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Mr. UDALL of Colorado. Mr. President, I am very grateful to my colleague from Minnesota for yielding for those 3 or 4 minutes. I thank him for his forbearance.
I rise in support of our local small businesses and retailers across Colorado and I would like to think across our great country. Senator Durbin and Senator Enzi have introduced a bipartisan bill, the Marketplace Fairness Act, of which I am a cosponsor. It would level the playing field for businesses located in Colorado by requiring out-of-State online sellers to collect and remit the same local and State sales taxes they have to pay.
It just makes common sense, which is why a similar amendment during the budget debate a few weeks ago, which I also cosponsored, passed by a bipartisan vote of 75 to 24.
The Marketplace Fairness Act is about achieving equitable treatment for all sales so businesses with a physical presence in Colorado, employing Colorado workers living in our communities, are not at a competitive disadvantage with out-of-State businesses that sell products online.
Online marketplaces have created great companies and innovative ways of doing business, but Federal law has failed to keep up with the pace of online sales. Again, we have had a lot of innovation in the online space, but Federal law has failed to keep up with the pace of online sales.
Back when trading posts and local markets were the most prevalent places for consumer goods, they did not have to worry about out-of-State sellers. Today, though, nearly 1 in 10 sales occurs online. Because of these online sales, we now have two inequitable forms of treatment in the marketplace: one where local brick-and-mortar retailers have to pay sales taxes and one where out-of-State online retailers get to take advantage of a loophole and avoid collecting any sales taxes at all. This has, unfortunately, created a disincentive to shop at and support our small local businesses.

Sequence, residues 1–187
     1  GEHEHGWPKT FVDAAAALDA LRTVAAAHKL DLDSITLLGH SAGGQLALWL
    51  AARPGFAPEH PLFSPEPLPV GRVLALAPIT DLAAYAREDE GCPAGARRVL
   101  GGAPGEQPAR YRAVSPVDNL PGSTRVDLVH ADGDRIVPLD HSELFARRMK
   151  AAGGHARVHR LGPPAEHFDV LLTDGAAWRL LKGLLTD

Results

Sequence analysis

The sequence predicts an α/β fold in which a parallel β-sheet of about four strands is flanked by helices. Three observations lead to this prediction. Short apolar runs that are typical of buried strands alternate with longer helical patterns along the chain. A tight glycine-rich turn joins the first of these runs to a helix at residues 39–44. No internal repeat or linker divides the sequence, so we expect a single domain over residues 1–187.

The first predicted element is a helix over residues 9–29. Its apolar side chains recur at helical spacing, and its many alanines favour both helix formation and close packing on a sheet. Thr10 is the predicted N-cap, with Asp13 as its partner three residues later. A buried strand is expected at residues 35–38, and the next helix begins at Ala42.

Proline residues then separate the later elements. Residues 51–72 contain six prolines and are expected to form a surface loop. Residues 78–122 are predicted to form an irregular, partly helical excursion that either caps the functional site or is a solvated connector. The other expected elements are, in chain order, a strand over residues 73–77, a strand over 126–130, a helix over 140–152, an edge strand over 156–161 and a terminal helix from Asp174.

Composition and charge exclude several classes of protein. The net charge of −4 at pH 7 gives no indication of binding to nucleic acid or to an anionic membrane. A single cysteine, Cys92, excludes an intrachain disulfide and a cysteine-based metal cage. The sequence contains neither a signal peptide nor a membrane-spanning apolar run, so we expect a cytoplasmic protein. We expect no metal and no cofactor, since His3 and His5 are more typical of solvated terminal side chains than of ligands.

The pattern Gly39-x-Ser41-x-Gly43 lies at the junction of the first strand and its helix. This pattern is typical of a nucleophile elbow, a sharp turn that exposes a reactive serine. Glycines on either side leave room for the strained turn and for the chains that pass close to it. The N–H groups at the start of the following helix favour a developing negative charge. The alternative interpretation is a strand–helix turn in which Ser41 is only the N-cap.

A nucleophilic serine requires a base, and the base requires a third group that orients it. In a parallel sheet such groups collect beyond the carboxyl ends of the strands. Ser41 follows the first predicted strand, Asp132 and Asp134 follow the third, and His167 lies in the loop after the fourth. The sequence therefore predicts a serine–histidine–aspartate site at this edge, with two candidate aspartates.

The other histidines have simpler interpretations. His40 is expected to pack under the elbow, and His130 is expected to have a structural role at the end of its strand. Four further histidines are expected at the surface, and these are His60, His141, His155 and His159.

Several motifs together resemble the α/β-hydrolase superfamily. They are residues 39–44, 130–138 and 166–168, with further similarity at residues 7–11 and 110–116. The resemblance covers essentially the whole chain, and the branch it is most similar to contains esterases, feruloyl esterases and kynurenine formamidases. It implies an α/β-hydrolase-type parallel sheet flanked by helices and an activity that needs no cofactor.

It has been said, for at least a decade, that fixing this inequity is too difficult or it will burden certain online retailers and consumers. However, it should be noted this legislation requires States to simplify sales tax laws that apply to these out-of-State sales, in addition to providing software free of charge to sellers in order to make the task of collecting and remitting this revenue as painless as possible.
Many States have already taken this step. My State of Colorado is considering legislation this year to conform to the rules set out in this bill.
The version of the Marketplace Fairness Act we are going to consider has been negotiated by Members of both political parties, and it is a testament to what we can do when we work together to benefit our country and our economy. Not only will this legislation help level the playing field for mom-and-pop shops across our State and our country, it will help restore a lost revenue base for local governments that has slowly been eroded with the expansion of online out-of-State sales.
Most Americans know those commonsense, fair taxes support our schools, police and fire departments, and other critical local services. At the very least I think we can all agree that we do not want to penalize Main Street retailers for creating jobs in Colorado communities, which is why this bipartisan bill is so important.
I look forward to voting for the Marketplace Fairness Act, and I encourage all of my colleagues to do the same. I want to acknowledge my colleague from Minnesota for yielding me the time.
I yield the floor.
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